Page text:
Failing To Sleep by Shona Moss

Failing To Sleep


She lay on her left-hand side for a few minutes but the pressure on her bladder was uncomfortable. A quick roll onto her stomach relieved the urge to urinate but made her unfathomably large breasts feel as though they might burst. She wriggled down the bed so that her feet fell off the end allowing a better angle for support. It wasn’t enough. A flip onto her right-hand side, always the most comfortable, the most natural sleeping position.

She stayed longer than she had in the previous positions. Soon though her neck began to ache and so she heaved herself onto her back. Every night. For as long as she could remember she had been through this cycle, or had it become a ritual? She would often wake up as she moved, repeating the whole process in her sleep.

Tonight was different to normal though, it was oppressively hot, she sweated in a different part of her body with every position. The windows were wide open allowing a flood of strange noises and smells. No breeze came with them. Sleep would be impossible.

She idled through her phone; social media, messages, photos, emails. Counting electronic sheep. She filed through memes, political opinions, birthdays, photos of faces she would never know, writing competitions, people thinking they’re witty, or pretty, yoga poses and the must have skin cream of the hour. She ignored the obvious but subtle pleas for help with mental health issues that should probably have been addressed differently.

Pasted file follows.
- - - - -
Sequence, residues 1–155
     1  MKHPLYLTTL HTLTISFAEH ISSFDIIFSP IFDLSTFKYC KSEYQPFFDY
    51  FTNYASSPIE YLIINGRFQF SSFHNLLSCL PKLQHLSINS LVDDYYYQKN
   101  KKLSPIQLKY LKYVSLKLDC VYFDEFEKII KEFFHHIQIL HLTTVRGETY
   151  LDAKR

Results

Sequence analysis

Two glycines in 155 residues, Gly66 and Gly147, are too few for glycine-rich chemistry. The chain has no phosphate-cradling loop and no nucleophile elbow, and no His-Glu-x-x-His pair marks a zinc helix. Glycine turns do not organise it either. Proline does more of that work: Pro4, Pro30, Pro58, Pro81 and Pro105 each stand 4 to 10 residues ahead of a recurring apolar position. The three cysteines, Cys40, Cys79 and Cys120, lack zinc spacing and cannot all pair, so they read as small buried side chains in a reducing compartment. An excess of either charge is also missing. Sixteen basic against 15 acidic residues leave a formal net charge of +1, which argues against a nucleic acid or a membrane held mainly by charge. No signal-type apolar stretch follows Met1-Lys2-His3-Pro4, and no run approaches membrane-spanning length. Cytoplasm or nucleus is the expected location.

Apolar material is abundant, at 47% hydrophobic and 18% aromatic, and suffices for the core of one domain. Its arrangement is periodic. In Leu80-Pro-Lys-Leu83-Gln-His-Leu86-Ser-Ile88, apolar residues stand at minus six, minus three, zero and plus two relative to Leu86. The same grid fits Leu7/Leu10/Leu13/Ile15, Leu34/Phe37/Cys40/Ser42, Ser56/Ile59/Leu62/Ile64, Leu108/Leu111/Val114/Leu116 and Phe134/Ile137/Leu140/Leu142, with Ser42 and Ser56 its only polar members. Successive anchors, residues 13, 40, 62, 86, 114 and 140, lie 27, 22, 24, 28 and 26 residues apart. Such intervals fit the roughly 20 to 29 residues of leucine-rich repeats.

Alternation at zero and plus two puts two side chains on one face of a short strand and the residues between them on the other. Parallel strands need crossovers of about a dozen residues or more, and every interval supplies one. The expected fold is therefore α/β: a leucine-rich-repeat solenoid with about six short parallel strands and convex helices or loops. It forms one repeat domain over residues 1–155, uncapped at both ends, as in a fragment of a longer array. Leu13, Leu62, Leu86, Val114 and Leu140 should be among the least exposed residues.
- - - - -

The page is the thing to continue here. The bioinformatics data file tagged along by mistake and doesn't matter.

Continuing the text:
Tired at last she put the phone down and tried once more to sleep. She couldn’t shake the idea of the writing competition. A short story forming itself in her head. After half an hour in the dark, failing to sleep, she sat up, rummaged for a pen and some paper in her bedside cabinet and began to write.

When she finished, more than an hour later, she looked at the clock, 2:08 am. A story had started, etched out of the silence and stillness and sweat. She carefully put the paper and pen away, applied a thin film of lip balm and turned the light off. She lay on her left-hand side for a few minutes but the pressure on her bladder was uncomfortable.

Comments

Popular posts from this blog

Postcard by Kate Mahony

Breathing Space by Joanna Campbell

Mother Tongue by Alison Lock